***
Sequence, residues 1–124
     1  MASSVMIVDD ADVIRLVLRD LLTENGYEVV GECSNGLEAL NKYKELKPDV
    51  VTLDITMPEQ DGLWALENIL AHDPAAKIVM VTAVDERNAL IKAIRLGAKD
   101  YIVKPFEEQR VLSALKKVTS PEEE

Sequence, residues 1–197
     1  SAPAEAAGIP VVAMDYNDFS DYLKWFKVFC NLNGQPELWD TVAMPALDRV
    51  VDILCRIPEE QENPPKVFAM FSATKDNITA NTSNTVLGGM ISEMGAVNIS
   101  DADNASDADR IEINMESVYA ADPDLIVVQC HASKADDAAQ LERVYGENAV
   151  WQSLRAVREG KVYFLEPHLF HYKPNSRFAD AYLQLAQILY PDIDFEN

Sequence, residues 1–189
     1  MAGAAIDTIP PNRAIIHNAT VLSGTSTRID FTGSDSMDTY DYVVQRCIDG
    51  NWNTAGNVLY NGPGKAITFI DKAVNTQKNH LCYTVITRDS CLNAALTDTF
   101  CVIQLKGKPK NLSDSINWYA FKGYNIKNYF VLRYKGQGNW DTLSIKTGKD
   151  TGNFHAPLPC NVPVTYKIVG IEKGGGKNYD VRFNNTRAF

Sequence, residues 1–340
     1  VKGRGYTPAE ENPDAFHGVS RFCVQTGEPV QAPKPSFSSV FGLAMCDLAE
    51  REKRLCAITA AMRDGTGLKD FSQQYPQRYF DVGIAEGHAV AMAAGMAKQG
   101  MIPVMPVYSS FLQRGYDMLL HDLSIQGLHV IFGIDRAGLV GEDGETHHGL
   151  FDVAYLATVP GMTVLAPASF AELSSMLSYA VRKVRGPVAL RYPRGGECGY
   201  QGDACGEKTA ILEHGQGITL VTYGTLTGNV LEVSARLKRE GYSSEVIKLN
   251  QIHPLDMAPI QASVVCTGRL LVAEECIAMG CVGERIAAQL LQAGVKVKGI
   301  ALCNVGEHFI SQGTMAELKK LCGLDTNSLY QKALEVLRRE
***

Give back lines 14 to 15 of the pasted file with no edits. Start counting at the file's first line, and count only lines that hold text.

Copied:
   151  TGNFHAPLPC NVPVTYKIVG IEKGGGKNYD VRFNNTRAF

Sequence, residues 1–340